The Call for Positive Minority Representation: A Reflection on My High School Curriculum

I recall my conflicting thoughts about my school’s approach to World History, a class required in our curriculum for all freshmen students. We spent over half of the year on European history, studying the intricate details of Queen Victoria’s rule, examining Alexander the Great’s impenetrable battle strategy, and analyzing Renaissance art’s influence on modern culture. However, our class was left with less than a semester to study the other six continents. The African history unit was condensed into a mere three weeks, South America was two weeks, and Ancient India was even shorter. It seemed like this “World History” class should have been titled “European History with an Introduction to Foreign Cultures.”  

To make matters worse, when we finally reached other world cultures, we learned about them through the perspective of European colonialists. For example, we learned about the Indian culture unit through memoirs of British viceroys, depicting the Indian people as inferior beings to the British. Coming of Indian descent, I recognized multiple inconsistencies with the Eurocentric interpretations of Indian culture versus my personal understanding of Indian culture. 

I wasn’t alone in these uncomfortable feelings about the representation of my Indian culture and heritage. Senior Amreen Sandhu also felt underwhelmed by the limited education on South Asian history. 

“I honestly feel like we didn’t have an Indian or South-Asian culture unit,” Sandhu said. “We learned about colonization and the exploitation of India, but I felt like we were lacking an authentic representation of Indian culture.” 

Sandhu also mentioned that when her class finally reached studying foreign cultures, the classroom dynamic lacked the respect and authenticity that such a subject deserved. 

“There wasn’t the tone of seriousness needed when talking about race, culture, and ethnicities,” Sandhu said. “I heard mockings of cultures, fake accents, and people laughing at cultural names, which was unacceptable.” 

Sandhu’s and my own experiences with the representation of Indian culture in my school curriculum prompted me to a key realization: if minority cultures are only portrayed in the light of the oppressed, that becomes the only narrative students may see them as. For example, I even felt like the Indian population was some oppressed minority after only learning about the British colonization and exploitation of India, even though my own understanding of my culture differs significantly from what I learned. 

As a result, I assert that we need more than minority representation in our curriculums; we need positive minority representation. Instead of only focusing on the negative aspects of Indian history, I wish we learned about auspicious holidays like Diwali or Holi, or Indian contributions to the arts and sciences. 

To learn more about the effects of positive minority representation in school curriculums, I reached out to education sociologist, Dr. Anindya Kundu. Dr. Kundu currently serves as the Senior Fellow at the City University of New York’s educational research department. His work focuses on the educational opportunity gap, race and inequality, and uplifting minority communities through education.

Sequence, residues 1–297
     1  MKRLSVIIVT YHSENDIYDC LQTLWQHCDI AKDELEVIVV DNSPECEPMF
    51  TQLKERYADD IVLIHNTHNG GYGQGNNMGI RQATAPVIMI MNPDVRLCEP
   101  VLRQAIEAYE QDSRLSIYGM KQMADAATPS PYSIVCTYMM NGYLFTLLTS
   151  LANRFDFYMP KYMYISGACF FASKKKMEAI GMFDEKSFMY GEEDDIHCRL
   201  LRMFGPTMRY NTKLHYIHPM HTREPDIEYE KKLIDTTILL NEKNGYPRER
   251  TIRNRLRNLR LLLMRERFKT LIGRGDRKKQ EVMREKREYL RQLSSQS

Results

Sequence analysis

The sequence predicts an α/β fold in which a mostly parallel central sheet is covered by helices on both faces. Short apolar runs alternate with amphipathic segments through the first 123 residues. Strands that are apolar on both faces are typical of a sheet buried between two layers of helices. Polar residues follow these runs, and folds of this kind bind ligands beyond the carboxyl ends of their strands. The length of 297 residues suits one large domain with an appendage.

Dr. Kundu is also a strong advocate for positive yet accurate minority representation in school curriculum. 

“Curriculum plays an integral role in how students learn and see themselves in a learning environment,” Kundu said. “If students aren’t seeing themselves represented in the curriculum accurately, they’re not going to feel a part of the educational community, and may not think that their education is valued.” 

On this same subject, Dr. Kundu emphasized the need to “decolonize” school curricula. 

“We really need to ‘decolonize’ the curricula of many American schools,” Kundu said. “But what that really means is asking how many white male authors you have compared to women, people of color, people of the LGBTQ+ community, or other underrepresented communities. ‘Decolonizing’ a curriculum is making an effort to represent these communities in an accurate yet positive manner.”

Dr. Kundu also asserts that ‘decolonizing’ curricula and incorporating more ethnic studies will benefit all students, not just minority students.

“Ethnic studies helps students feel included not just in their school community but in the broader community,” Kundu said. “The curriculum makes students feel welcomed, appreciated, and that they have a calling to help improve the community. That’s the payoff that I think a lot of people aren’t understanding. The more we make the curricula inclusive, the more students are going to be willing to contribute back to society in some way.”

 I firmly believe that conversations about race, culture, and ethnicities during a student’s educational career are integral to being an active citizen of our modern multicultural society. Especially as our nation marks one year since the murder of George Floyd and the new attention to racial justice along with it, we cannot ignore racial justice in schools as well. The call for increased positive minority representation in school curriculums could not sound louder.

For more of Dr. Anindya Kundu’s thoughts, check out his recent publication, The Power of Student Agency: Looking Beyond Grit to Close the Opportunity Gap.